This Insights article was contributed by Nancy Woolley, Adult Literacy Program Director for Cape Fear Literacy Council.
I want to be the first person in my family to get a diploma. I have a two-year-old daughter. I need to be able to support her and help her with school. She has to see that getting an education is worth something.
Adults come to Cape Fear Literacy Council for a variety of reasons. Many, like the student quoted above, desire to break a generations-long cycle of low literacy and improve the lives of their children. A few have never attended school and are starting with the alphabet. Others have diplomas and just need to brush up on math or writing in order to get into college or obtain professional certifications. Many of our students are working toward their GEDs or diplomas.
Currently, students in our Adult Literacy program are between 18 and 86 years old, and each has his or her own learning goals.
The core of our Adult Literacy program is one-on-one tutoring. The individual approach offers flexibility in scheduling and ensures that adult learners receive a personalized strategy of instruction that is geared to their specific needs, goals and learning styles. We use research-based skill books tailored to the appropriate level for each learner. But at
Cape Fear Literacy Council (CFLC), our dedicated volunteer tutors go above and beyond skill books and curricula to help their students become more productive members of the community. They help students improve employment skills, learn to vote, get driver’s licenses and work on financial literacy.
As one CFLC student said: “My dreams always seemed so impossible before. So many problems got in the way. But now I have a job, and I passed the first section of my GED. My reading test scores went up four grade-levels. I feel like I can do anything.”
The Literacy Council is also part of a strong network of resources. Consider Annette, who already had her diploma when she enrolled at CFLC, but was hoping to move on to a medical certification program in college. She felt she needed to brush up on her basic skills first. She also needed to find a job.
After working on her academic skills with a one-on-one tutor for several months, she joined our Learn to Earn job-skills class and participated in the Bargain Box’s Dress to Impress event. She said she felt a huge boost in confidence.
“Before, I was afraid to sign up for a class or go to an interview because I didn’t know what to say, and I knew my clothes were all wrong. But now I’m ready,” she said.
With encouragement from her CFLC teachers and job mentor, Annette signed up for Cape Fear Community College’s Career Discovery Class in Medical Reception and successfully earned her Career Readiness Certificate (CRC).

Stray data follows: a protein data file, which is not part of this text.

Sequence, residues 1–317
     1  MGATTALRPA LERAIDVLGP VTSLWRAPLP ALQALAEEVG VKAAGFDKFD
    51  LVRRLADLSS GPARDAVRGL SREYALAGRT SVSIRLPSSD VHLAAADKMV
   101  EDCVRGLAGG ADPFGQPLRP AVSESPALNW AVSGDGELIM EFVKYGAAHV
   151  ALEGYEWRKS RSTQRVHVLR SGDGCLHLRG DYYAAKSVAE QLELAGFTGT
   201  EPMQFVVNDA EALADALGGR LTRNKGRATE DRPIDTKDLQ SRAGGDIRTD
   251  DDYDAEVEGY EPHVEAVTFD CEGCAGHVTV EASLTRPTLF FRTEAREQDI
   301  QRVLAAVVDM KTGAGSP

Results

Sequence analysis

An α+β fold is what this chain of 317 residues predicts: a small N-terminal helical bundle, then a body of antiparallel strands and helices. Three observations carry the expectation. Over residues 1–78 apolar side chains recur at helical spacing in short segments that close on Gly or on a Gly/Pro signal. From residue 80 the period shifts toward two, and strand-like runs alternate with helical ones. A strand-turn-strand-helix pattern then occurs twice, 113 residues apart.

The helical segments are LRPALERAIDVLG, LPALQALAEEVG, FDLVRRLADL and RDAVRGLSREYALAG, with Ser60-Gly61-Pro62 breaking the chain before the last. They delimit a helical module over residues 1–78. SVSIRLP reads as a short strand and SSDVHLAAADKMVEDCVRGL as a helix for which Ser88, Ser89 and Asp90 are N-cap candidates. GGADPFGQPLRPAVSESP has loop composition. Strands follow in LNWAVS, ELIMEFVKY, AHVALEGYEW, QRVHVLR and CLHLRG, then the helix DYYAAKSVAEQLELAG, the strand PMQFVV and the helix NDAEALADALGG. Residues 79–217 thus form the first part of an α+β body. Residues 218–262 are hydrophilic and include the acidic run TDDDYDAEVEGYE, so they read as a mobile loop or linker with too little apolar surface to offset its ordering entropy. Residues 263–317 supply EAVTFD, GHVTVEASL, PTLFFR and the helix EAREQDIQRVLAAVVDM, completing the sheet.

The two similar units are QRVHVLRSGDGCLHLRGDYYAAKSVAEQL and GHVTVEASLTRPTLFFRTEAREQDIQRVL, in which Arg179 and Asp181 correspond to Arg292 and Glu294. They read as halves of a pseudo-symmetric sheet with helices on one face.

Armed with these new skills, qualifications and confidence, Annette was ready to hit the ground running, so CFLC staff referred her to Phoenix Hometown Hires, a local non-profit focused on employment training and placement. Annette is participating in their week-long job program, designed to help her find employment. In her words, “I’m really looking for a career now, not just a job, and I’ll keep working until I get it.”
Despite the diversity of students in the Adult Literacy Program, one thing they all share is a desire to improve their lives through increased education. At CFLC, we can do that.
Nancy Woolley is a graduate of the University of Virginia with a master’s degree in Literature. She has 10 years of experience working with tutoring and ESOL centers around the country. Nancy is dedicated to education, and convinced that a strong foundation in reading is important for all aspects of life. As a newcomer to Wilmington, she first joined the CFLC community as a volunteer tutor in 2011. After working with several students and seeing firsthand the need for adult literacy resources in the area, she was delighted to become a part of the staff in 2014 .
Yasmin Tomkinson came to the Cape Fear Literacy Council as a volunteer tutor in 2002. It was a great experience, and she was very pleased to join the staff in 2004. She is now the Executive Director and enjoys working with adult learners and the volunteers who help them reach their goals. Yasmin studied Education and American History at Vassar College and got an MBA with a concentration in Non-Profit Management from Boston University. She worked for education-focused non-profits in rural Utah, Los Angeles, Baltimore, and Boston before moving to Wilmington.